In a future mind-controlling game, death row convicts are forced to battle in a 'doom'-type environment. Convict Kable, controlled by Simon, a skilled teenage gamer, must survive 30 sessions in order to be set free. Or won't he?
A frustrated man decides to take justice into his own hands after a plea bargain sets one of his family's killers free. He targets not only the killer but also the district attorney and others involved in the deal.
Set in a futuristic world where humans live in isolation and interact through surrogate robots, a cop is forced to leave his home for the first time in years in order to investigate the murders of others' surrogates.
A bounty hunter learns that his next target is his ex-wife, a reporter working on a murder cover-up. Soon after their reunion, the always-at-odds duo find themselves on a run-for-their-lives adventure.
Disgraced former Presidential guard Mike Banning finds himself trapped inside the White House in the wake of a terrorist attack; using his inside knowledge, Banning works with national security to rescue the President from his kidnappers.
In London, a real-estate scam puts millions of pounds up for grabs, attracting some of the city's scrappiest tough guys and its more established underworld types, all of whom are looking to get rich quick. While the city's seasoned criminals vie for the cash, an unexpected player -- a drugged out rock 'n' roller presumed to be dead but very much alive -- has a multi-million dollar prize fall into... See full summary »
Set in a future-world where humans can control other humans in mass-scale, multi-player online gaming environments, a star player from a game called "Slayers" looks to regain his independence while taking down the game's mastermind. Written by
The opening montage of time-lapse shots and other scenes of the world where we see ads for Kable and/or graffiti of Ken Castle overlaid on buildings or walls are mostly taken from Ron Fricke's wordless film Baraka (1992), for example, the shots of the Giza Pyramids, India, homeless man sleeping under a bridge among others. See more »
(at around 23 mins) In one scene, John gets some kind of brain bits in his face after a head gets blown off in front of him. A couple shots later, the bits are gone. See more »
Who aims? The player or the slayer?
I'm the hand. Someone, somewhere else is the eye.
That's tripped out, man.
Sometimes, they take over completely. Move you around like a robot. But that don't work so good.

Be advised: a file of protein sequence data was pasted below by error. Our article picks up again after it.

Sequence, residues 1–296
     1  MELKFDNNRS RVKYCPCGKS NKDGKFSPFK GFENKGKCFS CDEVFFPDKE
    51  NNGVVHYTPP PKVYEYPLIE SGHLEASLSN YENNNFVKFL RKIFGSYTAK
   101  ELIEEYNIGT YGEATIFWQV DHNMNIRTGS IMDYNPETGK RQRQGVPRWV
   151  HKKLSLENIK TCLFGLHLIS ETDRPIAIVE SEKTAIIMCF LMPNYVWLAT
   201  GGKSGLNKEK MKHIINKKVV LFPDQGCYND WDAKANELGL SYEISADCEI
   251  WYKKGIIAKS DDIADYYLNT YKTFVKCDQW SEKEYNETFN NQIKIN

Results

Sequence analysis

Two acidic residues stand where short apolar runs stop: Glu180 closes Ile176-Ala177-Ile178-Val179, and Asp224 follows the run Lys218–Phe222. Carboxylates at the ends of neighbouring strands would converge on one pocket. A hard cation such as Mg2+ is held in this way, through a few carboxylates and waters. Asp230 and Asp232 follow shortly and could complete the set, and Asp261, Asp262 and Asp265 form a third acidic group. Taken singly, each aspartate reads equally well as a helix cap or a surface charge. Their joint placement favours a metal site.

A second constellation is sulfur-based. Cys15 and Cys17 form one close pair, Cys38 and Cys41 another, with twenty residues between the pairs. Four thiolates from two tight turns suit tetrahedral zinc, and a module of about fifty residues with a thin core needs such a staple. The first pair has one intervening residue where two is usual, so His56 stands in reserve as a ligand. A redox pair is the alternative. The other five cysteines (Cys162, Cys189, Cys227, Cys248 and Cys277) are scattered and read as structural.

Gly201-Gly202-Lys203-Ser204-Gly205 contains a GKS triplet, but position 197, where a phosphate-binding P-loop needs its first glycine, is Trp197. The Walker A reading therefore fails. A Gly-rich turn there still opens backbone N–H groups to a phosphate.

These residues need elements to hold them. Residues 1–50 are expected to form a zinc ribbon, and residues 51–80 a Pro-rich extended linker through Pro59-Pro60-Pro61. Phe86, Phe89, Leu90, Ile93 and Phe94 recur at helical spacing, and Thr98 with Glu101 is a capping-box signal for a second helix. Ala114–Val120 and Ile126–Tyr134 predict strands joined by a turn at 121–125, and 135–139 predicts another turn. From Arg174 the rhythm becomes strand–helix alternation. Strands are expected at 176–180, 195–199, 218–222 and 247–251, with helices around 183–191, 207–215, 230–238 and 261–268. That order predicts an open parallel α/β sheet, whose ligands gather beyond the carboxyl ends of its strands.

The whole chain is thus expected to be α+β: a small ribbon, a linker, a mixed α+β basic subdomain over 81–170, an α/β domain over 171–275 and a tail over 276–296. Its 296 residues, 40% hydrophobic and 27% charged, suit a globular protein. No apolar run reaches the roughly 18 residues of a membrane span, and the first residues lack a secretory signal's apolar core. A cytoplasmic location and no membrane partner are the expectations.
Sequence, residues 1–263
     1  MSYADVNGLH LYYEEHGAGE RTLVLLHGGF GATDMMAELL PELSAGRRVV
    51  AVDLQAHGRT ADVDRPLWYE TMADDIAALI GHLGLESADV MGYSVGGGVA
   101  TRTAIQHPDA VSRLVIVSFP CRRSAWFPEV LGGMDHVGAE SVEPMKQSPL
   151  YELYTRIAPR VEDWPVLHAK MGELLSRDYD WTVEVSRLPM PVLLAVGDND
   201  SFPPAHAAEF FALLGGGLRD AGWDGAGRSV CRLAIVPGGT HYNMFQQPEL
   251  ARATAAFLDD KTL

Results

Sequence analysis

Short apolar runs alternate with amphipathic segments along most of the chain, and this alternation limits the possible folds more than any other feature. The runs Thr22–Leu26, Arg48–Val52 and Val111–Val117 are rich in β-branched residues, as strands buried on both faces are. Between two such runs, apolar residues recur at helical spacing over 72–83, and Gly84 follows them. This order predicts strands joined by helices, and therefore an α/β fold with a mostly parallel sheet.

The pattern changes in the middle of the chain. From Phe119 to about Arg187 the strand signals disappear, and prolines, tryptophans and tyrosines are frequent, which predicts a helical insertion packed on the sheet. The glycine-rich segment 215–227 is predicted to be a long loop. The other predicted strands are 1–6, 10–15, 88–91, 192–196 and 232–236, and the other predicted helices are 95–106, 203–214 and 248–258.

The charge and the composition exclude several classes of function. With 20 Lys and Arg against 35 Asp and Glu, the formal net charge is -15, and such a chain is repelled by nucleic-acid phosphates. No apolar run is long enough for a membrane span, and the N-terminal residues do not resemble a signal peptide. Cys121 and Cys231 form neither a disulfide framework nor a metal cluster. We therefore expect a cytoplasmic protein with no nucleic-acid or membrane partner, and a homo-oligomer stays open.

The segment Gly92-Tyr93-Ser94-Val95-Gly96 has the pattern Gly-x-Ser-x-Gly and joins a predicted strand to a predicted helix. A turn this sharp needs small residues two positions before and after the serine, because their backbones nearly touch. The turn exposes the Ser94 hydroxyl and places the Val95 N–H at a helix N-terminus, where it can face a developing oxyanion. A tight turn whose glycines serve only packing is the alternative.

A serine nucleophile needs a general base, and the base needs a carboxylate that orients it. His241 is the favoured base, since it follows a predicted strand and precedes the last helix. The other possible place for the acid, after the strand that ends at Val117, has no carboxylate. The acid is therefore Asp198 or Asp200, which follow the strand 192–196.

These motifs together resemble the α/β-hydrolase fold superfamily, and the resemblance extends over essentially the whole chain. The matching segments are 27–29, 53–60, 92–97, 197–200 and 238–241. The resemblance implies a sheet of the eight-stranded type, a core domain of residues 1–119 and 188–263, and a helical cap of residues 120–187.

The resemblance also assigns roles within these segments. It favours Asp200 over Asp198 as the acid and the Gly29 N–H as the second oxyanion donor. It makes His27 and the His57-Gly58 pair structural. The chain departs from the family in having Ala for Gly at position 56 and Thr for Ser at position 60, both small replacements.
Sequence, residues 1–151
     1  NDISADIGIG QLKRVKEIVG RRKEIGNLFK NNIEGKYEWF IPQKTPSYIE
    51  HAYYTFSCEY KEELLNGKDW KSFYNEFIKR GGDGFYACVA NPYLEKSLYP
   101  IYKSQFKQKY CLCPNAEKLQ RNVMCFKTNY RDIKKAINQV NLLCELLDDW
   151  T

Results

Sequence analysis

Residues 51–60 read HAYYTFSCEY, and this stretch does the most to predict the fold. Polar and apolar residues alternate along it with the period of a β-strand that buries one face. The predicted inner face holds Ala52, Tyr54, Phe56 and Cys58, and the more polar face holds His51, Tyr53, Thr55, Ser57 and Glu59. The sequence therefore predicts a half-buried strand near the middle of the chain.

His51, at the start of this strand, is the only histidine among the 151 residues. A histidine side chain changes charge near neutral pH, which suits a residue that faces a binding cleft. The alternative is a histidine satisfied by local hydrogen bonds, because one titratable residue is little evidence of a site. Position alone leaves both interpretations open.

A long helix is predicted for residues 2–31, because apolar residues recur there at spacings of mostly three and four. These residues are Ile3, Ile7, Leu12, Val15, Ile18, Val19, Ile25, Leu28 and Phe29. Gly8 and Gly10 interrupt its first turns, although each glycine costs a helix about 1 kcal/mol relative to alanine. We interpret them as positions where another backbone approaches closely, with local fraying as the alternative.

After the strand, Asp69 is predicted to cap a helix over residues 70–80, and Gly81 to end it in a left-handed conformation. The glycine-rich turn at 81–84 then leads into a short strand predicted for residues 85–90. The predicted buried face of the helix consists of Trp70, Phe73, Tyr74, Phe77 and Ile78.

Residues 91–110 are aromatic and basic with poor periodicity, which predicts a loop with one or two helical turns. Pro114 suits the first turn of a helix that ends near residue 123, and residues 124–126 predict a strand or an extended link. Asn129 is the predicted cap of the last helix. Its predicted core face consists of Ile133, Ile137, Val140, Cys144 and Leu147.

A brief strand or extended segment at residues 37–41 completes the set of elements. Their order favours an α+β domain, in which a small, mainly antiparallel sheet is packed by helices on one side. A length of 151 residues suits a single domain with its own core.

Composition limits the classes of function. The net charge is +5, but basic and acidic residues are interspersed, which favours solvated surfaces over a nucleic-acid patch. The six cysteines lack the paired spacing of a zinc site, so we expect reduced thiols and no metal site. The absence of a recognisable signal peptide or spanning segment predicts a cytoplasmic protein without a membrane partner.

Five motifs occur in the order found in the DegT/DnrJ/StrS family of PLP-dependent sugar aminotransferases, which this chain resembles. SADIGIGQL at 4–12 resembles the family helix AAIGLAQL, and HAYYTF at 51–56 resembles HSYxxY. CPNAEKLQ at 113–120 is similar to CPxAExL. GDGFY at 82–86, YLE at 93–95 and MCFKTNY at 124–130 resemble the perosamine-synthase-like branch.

Right, the "ping," they talk about that. The time it takes for the Slayer to respond to the player's commands.
Whatever they call it, when you're in the game, a slice of a second is the difference between living and dying. When that trigger pulls... it's ...
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an abstract view of how users interact with their avatars
The movie was fairly good. Even though slayers should have been more defined, it did explain the basics of it (make it to the save point alive). The movie being "abstract" worked very well for everything besides the slayers sequences, but those were surprisingly short. Something that I thought they did very well though is showing how the user interacts with their character. In MMO's today, you have a-holes who will screw up other people's fun and during one of the society scenes, there is an example of this with the roller blading. Its made even more powerful by people laughing at other people 's injuries, disgracing of dead bodies, etc. because its the icons (avatars) getting abused, not the users.
From an academic standpoint, this movie is great since it shows off how sick and uncaring people can be when its not their bodies being abused or shot at.
Anyways, if you want to see this movie, I warn you that there it is rated R for good reasons. It made me think that they should separate the R-rating into R1 and R2 or R and RR. This is because many R movies are lite-R's (some swearing, some nudity, some blood, but nothing out-of-control so to speak) and many other R movies are heavy-R's (i.e. saw, many cheesy horror flicks, and this movie)
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